OAK HARBOR, Wash. - Bernard Einar Skud, 87, died at his home in Oak Harbor on April 16, 2014.
Bernie was the son of Ferdinand and Elma (Hendrickson) Skud, born Jan. 31, 1927, in Ironwood. He attended George N. Sleight Elementary School and graduated from Luther L. Wright High School. He delivered papers as a boy and as a member of the L.L. Wright basketball team in 1943, sank a shot at the buzzer to beat Wakefield.
Bernie served in U.S. Navy during World War II, and was a lifetime member of American Legion Post 5 in Ironwood. He received Bachelor of Science and Master of Science degrees from University of Michigan. In 1950, he married Patricia Duffin of Wakefield, daughter of Wakefield teacher and coach F.W. Duffin and Kathryn Duffin, who taught in Ironwood Township schools.
Bernie worked as a marine biologist for 40 years, including work for the U.S. Bureau of Commercial Fisheries in Alaska, Maine and the Gulf of Mexico. He started his career with the Fish and Wildlife Service in Seattle and Alaska, was assistant director of the Bureau of Commercial Fisheries Laboratory in Galveston, Texas, from 1958 to 1960 and Director of the Bureau's laboratory in Boothbay Harbor, Maine, from 1961 to 1970. From 1970 to 1978, Bernie was director of the International Pacific Halibut Commission in Seattle. He was division chief at the National Marine Fisheries Service in Washington D.C. and scientific advisor in Narragansett, R.I., from 1978 to 1985, and became director of the International North Pacific Fisheries Commission, based in Vancouver, British Columbia, serving from 1986 to 1991.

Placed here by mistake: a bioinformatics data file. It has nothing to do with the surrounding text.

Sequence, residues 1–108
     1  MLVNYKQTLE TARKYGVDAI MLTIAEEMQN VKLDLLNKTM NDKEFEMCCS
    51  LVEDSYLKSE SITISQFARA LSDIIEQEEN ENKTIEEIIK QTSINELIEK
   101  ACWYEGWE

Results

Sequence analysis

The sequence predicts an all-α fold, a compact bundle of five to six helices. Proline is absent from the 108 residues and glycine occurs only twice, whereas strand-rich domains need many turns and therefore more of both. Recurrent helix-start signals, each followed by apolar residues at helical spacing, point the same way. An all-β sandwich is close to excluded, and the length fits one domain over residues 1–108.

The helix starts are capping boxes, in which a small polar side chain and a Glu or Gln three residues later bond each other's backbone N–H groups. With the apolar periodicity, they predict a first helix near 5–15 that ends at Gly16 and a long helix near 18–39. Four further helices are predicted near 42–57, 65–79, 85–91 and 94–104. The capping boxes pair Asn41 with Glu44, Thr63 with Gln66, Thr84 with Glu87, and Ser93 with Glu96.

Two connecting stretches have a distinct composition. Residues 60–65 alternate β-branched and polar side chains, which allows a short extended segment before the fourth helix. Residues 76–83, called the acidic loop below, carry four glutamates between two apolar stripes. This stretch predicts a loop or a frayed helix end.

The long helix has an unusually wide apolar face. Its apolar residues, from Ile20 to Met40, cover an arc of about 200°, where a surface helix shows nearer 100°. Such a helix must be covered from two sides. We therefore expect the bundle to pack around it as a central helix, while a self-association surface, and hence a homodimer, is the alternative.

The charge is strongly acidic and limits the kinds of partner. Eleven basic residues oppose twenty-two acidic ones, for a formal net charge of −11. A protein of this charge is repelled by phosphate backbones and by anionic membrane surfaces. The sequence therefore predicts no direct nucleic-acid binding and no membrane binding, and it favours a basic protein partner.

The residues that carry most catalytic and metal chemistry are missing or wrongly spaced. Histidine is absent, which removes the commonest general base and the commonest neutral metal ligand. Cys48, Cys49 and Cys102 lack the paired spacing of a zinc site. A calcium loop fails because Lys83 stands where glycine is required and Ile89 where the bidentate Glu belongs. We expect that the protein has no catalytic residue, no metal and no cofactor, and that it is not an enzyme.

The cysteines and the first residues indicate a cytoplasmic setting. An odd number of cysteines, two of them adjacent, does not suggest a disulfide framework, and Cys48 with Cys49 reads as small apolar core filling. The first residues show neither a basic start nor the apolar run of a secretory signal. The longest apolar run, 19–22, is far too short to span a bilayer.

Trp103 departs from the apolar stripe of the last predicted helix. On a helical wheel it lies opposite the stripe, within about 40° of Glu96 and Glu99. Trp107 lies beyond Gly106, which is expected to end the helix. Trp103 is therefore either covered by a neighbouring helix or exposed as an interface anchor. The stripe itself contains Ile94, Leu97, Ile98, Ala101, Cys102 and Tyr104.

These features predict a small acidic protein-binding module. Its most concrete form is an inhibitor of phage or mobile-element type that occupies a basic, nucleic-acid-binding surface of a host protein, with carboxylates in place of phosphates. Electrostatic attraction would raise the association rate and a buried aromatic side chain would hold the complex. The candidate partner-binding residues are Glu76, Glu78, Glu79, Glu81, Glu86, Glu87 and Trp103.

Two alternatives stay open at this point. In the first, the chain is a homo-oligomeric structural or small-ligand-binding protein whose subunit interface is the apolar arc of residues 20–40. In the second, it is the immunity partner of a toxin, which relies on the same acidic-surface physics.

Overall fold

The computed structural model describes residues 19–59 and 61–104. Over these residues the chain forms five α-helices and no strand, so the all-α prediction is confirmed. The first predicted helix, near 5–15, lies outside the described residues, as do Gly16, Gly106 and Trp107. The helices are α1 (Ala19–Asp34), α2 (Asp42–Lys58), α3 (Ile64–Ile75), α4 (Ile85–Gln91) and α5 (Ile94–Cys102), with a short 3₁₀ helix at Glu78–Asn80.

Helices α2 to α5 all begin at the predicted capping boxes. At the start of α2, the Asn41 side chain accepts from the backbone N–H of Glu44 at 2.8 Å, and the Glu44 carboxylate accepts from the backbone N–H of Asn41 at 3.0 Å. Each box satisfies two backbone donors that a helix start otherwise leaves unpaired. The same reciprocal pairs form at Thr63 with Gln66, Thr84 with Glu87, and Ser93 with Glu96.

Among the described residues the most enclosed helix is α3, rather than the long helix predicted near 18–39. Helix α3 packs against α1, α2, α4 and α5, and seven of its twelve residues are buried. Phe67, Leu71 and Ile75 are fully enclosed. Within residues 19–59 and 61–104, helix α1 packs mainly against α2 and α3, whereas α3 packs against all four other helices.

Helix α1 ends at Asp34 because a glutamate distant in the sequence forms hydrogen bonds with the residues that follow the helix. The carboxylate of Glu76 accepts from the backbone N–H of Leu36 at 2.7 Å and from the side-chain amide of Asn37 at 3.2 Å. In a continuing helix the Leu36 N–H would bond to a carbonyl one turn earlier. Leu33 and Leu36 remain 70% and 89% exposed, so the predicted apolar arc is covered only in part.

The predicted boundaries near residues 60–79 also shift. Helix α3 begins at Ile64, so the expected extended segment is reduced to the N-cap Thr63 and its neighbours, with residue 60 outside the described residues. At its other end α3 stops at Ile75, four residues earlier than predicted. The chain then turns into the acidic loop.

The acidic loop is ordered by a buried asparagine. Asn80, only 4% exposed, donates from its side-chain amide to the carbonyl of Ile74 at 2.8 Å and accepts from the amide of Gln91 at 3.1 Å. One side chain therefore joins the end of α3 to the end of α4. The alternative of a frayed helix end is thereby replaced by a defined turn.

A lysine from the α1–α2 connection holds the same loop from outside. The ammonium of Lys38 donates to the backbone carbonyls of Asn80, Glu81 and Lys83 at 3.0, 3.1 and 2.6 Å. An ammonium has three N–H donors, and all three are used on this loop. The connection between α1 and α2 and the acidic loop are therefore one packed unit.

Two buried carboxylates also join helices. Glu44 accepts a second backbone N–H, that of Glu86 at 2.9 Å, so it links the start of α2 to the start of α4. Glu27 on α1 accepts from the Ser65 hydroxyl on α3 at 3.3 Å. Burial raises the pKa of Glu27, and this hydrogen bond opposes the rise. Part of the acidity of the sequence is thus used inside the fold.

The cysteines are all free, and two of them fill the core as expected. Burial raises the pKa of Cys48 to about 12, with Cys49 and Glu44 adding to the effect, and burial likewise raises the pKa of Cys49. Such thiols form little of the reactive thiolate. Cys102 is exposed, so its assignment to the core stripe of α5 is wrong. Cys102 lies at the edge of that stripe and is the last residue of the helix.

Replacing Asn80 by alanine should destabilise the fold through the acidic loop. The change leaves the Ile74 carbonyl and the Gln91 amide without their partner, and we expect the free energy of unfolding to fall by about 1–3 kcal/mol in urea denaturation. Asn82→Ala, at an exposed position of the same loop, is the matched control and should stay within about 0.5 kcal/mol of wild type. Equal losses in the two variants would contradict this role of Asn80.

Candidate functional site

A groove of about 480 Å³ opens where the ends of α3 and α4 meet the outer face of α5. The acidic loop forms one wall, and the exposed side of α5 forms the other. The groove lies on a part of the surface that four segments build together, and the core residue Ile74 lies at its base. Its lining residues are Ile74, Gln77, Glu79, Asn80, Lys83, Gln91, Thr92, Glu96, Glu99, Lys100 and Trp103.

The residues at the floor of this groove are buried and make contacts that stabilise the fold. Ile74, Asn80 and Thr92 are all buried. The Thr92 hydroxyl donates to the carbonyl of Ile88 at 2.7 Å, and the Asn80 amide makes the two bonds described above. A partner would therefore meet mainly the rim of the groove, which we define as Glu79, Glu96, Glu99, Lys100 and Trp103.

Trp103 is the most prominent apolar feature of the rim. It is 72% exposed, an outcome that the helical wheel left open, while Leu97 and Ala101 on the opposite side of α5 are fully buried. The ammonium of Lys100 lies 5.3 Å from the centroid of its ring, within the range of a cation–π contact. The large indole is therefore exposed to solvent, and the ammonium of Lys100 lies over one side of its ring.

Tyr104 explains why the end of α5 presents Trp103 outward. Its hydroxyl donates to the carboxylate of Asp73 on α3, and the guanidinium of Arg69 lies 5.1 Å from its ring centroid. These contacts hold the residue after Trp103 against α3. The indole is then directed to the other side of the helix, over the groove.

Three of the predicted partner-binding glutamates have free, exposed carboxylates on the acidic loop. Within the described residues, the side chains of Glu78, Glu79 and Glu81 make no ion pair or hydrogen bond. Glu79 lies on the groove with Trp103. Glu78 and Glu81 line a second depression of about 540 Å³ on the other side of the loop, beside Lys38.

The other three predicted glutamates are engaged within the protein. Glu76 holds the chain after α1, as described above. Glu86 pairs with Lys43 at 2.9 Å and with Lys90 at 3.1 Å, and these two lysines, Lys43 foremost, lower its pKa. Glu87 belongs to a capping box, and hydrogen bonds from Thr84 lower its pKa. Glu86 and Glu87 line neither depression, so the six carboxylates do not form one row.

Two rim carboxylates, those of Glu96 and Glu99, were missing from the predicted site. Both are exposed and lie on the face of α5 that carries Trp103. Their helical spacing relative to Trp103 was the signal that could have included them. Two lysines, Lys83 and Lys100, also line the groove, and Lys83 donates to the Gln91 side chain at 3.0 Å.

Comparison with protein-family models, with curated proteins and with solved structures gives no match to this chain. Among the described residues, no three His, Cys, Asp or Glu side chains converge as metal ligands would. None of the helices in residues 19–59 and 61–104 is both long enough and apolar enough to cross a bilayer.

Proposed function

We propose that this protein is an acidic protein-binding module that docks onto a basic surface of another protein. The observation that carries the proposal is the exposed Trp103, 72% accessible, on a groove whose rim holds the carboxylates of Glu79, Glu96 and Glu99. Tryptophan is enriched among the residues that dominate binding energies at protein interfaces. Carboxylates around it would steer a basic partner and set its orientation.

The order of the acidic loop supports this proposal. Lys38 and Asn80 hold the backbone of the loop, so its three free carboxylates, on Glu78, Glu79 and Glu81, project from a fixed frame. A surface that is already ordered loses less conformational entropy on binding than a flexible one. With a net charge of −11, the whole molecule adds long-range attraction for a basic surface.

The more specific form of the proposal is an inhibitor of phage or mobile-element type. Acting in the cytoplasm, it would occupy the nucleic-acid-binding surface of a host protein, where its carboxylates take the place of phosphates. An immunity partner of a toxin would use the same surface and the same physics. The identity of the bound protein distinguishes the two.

Bernie was president of the American Institute of Fishery Research Biologists from 1982-'84, a life member of the American Fisheries Society, and published more than 100 technical papers and popular articles on salmon, herring, lobsters, halibut and mackerel. He was a Woodrow Wilson Fellow of Public and International Affairs at Princeton University in 1967-'68. He was an adjunct professor in the School of Fisheries at the University of Washington and University of Rhode Island, and traveled to 36 countries on business and pleasure. He retired to Oak Harbor on Whidbey Island in Washington, and remained active in fishery matters.
He is survived by his wife of 63 years, Patricia, of Oak Harbor; three sons, Timothy Skud, of Alexandria, Va., Ferd Skud of Anchorage, Alaska, Eric (Ann) Skud, of Redmond, Wash.; and a sister, Elaine (Robert) Allen, of Palo Alto, Calif. He was preceded in death by his parents and sister, Joan Heinbaugh.